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Bacterial lipopolysaccharide is associated with stroke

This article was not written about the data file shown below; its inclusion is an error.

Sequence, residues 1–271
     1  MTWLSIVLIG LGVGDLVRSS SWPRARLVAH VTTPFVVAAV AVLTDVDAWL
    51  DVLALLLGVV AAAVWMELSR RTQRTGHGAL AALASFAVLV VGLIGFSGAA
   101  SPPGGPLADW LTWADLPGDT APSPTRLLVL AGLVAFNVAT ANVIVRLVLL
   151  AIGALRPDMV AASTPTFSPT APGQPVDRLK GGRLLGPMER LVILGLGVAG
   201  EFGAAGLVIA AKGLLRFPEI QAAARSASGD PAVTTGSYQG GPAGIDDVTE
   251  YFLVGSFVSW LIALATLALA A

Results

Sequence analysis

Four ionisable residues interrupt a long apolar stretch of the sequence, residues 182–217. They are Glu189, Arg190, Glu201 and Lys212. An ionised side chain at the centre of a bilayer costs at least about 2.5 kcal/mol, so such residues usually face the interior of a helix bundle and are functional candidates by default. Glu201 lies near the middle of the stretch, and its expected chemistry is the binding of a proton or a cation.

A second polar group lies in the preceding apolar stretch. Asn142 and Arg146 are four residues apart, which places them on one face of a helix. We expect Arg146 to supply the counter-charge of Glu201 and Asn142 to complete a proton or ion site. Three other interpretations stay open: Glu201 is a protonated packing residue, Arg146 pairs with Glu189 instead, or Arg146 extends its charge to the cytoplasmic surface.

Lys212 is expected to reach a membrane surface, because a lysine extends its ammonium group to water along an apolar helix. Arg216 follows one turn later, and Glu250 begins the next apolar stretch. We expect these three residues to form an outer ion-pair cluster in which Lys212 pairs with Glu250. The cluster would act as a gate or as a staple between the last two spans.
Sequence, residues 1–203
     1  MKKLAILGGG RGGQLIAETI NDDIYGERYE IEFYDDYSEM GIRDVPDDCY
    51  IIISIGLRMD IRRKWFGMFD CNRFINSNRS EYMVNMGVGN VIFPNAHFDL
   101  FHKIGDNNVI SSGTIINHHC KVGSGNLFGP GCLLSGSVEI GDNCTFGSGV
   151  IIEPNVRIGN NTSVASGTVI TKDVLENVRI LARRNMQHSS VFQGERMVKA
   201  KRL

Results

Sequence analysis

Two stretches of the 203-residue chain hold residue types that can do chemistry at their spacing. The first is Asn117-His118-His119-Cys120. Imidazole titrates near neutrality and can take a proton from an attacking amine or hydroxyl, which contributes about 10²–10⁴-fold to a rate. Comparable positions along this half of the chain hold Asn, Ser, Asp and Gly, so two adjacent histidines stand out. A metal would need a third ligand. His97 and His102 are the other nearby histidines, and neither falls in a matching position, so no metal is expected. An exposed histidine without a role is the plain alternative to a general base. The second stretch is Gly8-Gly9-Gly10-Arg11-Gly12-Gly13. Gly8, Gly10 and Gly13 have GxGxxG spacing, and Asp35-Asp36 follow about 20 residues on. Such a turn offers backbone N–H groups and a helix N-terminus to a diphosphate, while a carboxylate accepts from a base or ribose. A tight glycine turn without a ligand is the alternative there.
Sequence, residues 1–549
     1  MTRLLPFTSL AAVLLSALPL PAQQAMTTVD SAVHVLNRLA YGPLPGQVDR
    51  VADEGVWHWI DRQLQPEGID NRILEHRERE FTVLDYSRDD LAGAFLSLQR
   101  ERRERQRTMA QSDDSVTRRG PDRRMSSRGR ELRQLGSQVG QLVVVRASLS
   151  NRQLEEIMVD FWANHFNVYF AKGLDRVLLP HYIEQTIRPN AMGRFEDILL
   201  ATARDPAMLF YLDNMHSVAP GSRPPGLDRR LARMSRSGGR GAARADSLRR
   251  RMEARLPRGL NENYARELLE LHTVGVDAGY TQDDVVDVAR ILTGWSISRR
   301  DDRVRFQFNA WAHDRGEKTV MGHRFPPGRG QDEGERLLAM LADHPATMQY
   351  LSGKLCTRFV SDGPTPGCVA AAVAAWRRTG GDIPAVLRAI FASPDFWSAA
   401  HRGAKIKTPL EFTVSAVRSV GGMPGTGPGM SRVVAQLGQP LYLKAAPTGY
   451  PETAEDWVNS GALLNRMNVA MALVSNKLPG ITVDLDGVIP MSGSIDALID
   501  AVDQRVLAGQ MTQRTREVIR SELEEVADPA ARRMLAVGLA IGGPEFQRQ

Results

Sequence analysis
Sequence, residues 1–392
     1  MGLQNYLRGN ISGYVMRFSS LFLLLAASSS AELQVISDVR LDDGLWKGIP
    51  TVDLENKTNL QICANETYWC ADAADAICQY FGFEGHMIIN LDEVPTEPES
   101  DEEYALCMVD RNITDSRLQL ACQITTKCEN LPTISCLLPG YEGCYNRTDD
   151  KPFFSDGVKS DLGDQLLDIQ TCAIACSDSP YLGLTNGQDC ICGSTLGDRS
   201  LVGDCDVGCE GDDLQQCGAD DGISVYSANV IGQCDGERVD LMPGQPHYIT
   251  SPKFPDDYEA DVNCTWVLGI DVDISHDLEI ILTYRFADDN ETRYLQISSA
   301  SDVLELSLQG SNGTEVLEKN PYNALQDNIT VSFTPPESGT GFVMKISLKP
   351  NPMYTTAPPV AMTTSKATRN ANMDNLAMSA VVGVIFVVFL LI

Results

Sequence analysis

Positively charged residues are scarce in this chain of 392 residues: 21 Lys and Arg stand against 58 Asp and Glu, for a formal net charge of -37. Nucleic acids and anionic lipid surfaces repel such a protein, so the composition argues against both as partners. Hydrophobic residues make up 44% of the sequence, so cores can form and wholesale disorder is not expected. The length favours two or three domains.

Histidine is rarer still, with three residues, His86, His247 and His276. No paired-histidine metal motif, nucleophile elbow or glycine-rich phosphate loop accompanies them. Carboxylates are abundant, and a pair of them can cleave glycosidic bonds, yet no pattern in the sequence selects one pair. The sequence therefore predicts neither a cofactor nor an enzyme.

We aimed to determine if plasma levels of bacterial lipopolysaccharide (LPS) and lipoteichoic acid (LTA) are associated with different causes of stroke and correlate with C-reactive protein (CRP), LPS-binding protein (LBP), and the NIH stroke scale (NIHSS). Ischemic stroke (cardioembolic (CE), large artery atherosclerosis (LAA), small vessel occlusion (SVO)), intracerebral hemorrhage (ICH), transient ischemic attack (TIA) and control subjects were compared (n = 205). Plasma LPS, LTA, CRP, and LBP levels were quantified by ELISA. LPS and CRP levels were elevated in ischemic strokes (CE, LAA, SVO) and ICH compared to controls. LBP levels were elevated in ischemic strokes (CE, LAA) and ICH. LTA levels were increased in SVO stroke compared to TIA but not controls. LPS levels correlated with CRP and LBP levels in stroke and TIA. LPS, LBP and CRP levels positively correlated with the NIHSS and WBC count but negatively correlated with total cholesterol. Plasma LPS and LBP associate with major causes of ischemic stroke and with ICH, whereas LPS/LBP do not associate with TIAs. LTA only associated with SVO stroke. LPS positively correlated with CRP, LBP, and WBC but negatively correlated with cholesterol. Higher LPS levels were associated with worse stroke outcomes.

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